You know the hunt for developers is getting tough when free beer enters the equation. Amazon.com will reopen a "pop-up loft" in downtown San Francisco this fall to give developers a place to learn more about Amazon Web Services.
The loft can hold as many as 400 people, and AWS will use it as a social gathering place for developers. Amazon employees will staff the location so that developers can ask questions and attend free technical classes, as well as grab some pizza and beer. During the four weeks that the loft was open earlier this year, a cloud-connected beer tap named the "Simple Beer Service" poured 1,485 beers.
[ Amazon can no longer take its cloud leadership for granted | Get the no-nonsense explanations and advice you need to take real advantage of cloud computing in InfoWorld editors' Cloud Computing Deep Dive PDF special report. | Stay up on the cloud with InfoWorld's Cloud Computing Report newsletter. ]
This loft shows how important it is to recruit strongly for developers. AWS always does a pretty good job of recruiting developers, and reopening the pop-up loft will help that effort. If I lived in San Francisco, I would be down there a few times -- after all, free beer is free beer.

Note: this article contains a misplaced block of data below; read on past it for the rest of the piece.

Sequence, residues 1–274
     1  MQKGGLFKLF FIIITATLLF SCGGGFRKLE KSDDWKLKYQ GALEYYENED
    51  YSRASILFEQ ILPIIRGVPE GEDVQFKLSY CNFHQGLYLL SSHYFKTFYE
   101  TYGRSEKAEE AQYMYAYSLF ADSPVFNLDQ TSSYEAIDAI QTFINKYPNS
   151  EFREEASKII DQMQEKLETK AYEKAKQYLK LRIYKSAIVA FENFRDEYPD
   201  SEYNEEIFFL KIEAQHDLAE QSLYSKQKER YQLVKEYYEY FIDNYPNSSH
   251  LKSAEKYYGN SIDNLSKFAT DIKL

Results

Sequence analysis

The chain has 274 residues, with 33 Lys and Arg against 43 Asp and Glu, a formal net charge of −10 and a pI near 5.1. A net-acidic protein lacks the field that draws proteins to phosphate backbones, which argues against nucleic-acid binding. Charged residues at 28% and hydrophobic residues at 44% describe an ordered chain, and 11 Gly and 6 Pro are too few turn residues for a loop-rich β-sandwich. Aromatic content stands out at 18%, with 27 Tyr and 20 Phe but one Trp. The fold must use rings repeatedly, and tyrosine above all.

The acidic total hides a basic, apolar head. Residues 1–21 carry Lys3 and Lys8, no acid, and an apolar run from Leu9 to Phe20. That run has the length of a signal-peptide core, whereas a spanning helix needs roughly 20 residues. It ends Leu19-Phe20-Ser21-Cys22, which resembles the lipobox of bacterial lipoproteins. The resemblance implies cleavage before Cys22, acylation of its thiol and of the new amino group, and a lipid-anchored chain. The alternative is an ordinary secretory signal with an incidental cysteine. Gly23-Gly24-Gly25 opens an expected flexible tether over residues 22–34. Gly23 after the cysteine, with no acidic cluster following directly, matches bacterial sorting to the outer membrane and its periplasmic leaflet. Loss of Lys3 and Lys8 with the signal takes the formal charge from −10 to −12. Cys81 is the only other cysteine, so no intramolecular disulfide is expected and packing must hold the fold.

The competition for developers is getting heated. In its early days, AWS had only a handful of cloud providers to compete with, most of which did not come close to matching AWS's capabilities. This year, we've seen both Google and Microsoft come on strong, with Google perhaps giving AWS a good run for its money.
The three big cloud providers all understand that having the developer is critical, and they are all taking steps to make sure they get their bids out for the best and brightest cloud developers, as well as cloud development companies.
The reality is that it's time for developers (and development organizations) to pick sides. Although some can focus on more than one cloud platform, most won't have the bandwidth. They will go where they see the most value for their careers and company profits.
A year ago, AWS seemed to be the logical choice, but today the services provided by both Microsoft and Google have become much more compelling, so the choice is much harder to make.
Free beer helps.
This article, "Free beer! Now Amazon has cloud developers' attention," originally appeared at InfoWorld.com. Read more of David Linthicum's Cloud Computing blog and track the latest developments in cloud computing at InfoWorld.com. For the latest business technology news, follow InfoWorld.com on Twitter.